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Agust D’s D-DAY: References You May Have Missed

“Future’s gonna be okay, okay, okay, look at the mirror and I see no pain, I’d die for real ’til the D-Day.”

Image of Agust D in his music video for "People Pt. 2" and "Amygdala."
Credit: HYBE LABELS

On April 21st, Suga from the K-pop group, BTS,  released his latest project under the artist’s name, Agust D: D-DAY. D-DAY is the final album in his trilogy that began with his 2016 debut album, Agust D, and continued with his second album D-2 (2020).

Many of the themes and ideas in D-DAY are similar to Agust D’s previous projects. The artist’s rage and frustration at not being seen as a real hip-hop artist, searching for freedom to express himself, anxieties, depression, and chasing after one’s dream. 

Suga, whose real name is Min Yoon-gi, introduced fans to the personna Agust D in 2016 with his debut album. While Suga from BTS was able to be honest and critical in his songs, Agust D allowed Min Yoon-gi to break free of any confines he may have had working as an idol. The artist expresses his anger and frustration through his lyrics. His lyrics also show him reflecting on his success and the steps he took to be where he is today.

“Haeugeum:” An Explosive Confrontation

D-DAY opens up with three explosive tracks. In “D-Day,” Agust D raps about overcoming the pain of the past and moving forward toward a better future. The artist offers encouraging words to both himself and the listener as he repeatedly raps “future’s gonna be okay,” and “don’t regret the past, don’t be afraid of the future, man, I hope you can avoid getting hit and hurt enough.” 

In “Haegeum,” Agust D raps about freedom, conformity, and removing barriers in order to move forward. It’s a critique of our current society where there’s an influx of distracting information. It’s also a critique of capitalism that causes us to live lives we don’t want to live.

Really, what is it exactly that’s been restricting us? 

Maybe we do it to ourselves

Slaves to capitalism, slaves to money

Slaves to hatred and prejudice

Slaves to YouTube, slaves to flexin’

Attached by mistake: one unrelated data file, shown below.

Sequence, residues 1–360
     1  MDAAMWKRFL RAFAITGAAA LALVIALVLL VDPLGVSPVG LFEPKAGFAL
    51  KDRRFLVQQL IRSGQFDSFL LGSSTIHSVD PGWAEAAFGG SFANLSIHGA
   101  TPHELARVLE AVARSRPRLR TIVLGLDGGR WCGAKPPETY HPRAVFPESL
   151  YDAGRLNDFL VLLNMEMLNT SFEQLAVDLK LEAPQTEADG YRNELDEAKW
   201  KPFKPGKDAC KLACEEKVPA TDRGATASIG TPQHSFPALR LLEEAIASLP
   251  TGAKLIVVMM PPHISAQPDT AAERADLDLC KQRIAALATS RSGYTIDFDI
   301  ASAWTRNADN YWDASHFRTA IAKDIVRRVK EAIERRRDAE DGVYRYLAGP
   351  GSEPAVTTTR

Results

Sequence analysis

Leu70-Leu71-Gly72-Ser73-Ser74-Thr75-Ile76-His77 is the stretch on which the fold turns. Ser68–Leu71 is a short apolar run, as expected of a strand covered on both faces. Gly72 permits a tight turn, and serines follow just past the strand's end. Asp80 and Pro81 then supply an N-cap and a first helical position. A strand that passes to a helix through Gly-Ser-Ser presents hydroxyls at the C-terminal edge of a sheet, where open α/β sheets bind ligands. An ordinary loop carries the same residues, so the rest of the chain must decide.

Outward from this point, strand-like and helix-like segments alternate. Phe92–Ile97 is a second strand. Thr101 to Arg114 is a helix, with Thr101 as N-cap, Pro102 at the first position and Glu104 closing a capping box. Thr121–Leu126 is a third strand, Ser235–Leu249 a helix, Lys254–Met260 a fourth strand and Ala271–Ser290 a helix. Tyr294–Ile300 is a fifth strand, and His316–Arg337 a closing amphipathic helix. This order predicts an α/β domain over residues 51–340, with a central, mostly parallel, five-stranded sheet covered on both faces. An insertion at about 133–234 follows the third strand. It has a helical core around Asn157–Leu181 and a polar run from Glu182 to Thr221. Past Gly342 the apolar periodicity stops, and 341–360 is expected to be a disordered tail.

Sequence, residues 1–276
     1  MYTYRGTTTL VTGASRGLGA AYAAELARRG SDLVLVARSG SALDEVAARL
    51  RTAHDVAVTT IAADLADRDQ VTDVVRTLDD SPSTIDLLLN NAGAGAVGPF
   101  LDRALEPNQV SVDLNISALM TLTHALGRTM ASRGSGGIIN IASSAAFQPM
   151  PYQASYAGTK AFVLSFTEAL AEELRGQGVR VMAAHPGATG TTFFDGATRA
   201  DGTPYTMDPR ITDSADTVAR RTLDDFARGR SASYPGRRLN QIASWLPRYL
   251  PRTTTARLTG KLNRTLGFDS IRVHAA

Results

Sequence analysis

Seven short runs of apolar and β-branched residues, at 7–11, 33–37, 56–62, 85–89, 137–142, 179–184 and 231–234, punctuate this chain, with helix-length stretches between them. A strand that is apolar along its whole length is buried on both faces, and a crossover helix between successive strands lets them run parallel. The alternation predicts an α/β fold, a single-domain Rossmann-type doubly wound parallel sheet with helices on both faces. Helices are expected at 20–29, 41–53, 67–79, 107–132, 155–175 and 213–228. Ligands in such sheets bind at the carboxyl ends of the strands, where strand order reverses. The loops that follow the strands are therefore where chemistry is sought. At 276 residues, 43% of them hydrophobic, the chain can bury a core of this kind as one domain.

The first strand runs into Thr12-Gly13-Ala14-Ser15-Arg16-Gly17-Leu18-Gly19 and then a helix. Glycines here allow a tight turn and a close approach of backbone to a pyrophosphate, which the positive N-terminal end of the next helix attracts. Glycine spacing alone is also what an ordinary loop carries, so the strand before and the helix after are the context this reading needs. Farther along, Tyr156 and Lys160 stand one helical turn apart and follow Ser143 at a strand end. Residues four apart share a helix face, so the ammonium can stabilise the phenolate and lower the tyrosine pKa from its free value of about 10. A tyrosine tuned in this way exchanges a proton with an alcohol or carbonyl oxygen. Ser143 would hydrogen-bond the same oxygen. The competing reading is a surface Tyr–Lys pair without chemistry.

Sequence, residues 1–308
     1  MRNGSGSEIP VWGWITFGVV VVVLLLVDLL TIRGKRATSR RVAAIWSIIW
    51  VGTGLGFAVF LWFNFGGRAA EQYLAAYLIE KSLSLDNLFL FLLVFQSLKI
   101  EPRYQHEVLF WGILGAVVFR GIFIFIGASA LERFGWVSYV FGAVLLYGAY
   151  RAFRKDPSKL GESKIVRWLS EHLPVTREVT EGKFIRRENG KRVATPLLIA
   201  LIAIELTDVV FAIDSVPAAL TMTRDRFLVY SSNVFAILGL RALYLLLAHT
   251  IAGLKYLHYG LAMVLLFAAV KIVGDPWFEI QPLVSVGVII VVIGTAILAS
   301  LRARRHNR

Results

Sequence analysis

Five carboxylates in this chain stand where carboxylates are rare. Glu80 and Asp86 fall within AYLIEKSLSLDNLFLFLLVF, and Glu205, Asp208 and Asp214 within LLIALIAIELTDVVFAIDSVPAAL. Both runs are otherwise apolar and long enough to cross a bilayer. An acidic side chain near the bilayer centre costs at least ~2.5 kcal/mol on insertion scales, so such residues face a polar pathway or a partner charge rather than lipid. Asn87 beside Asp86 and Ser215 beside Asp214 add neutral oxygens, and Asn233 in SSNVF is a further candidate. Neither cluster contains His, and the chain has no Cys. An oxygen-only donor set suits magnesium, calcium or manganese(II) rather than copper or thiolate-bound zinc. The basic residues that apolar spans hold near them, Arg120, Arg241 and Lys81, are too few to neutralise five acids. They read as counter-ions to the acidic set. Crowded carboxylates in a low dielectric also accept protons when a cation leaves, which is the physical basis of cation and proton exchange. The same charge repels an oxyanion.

Selfishness and greed have gone off the rails

I close my eyes and it’s easy, it’s all so obvious

Opinions clearly split depending on what’s to gain

Everyone’s been blinded by envy and jealousy

Without realizing that they’re putting shackles on each other

genius.com

To emphasize this desire for freedom from all of these things, Agust D uses the metaphor of a haegeum. A haegeum is a traditional Korean instrument with two strings and a bow. However, the word haegeum also means something else to Agust D. 

“Freedom from forbidden. Why don’t I break free from those things.”

IU’s Pallette with Suga ep. 19

It’s a song about freeing one’s self from the constraints of our world and living the life that you want to live. In the music video for “Haegeum,” Agust D kills a version of himself that’s obsessed with chasing after money and fame. The music video is violent and shows how much Agust D struggled to confront this part of his identity and move past this. 

“AMYGDALA:” Reflection and Acceptance

The energy from the first two songs continues in the third track, “HUH?!,” which Agust D collaborated on with j-hope, another member of BTS. The song points a finger at listeners and haters, asking listeners “What the shit, do you know about me? Fuck that shit, you think you know ‘bout me.” Haters want to live his life but they don’t know anything about what he’s done to have this life. This idea serves as a great transition to his next song, my favorite song from the album.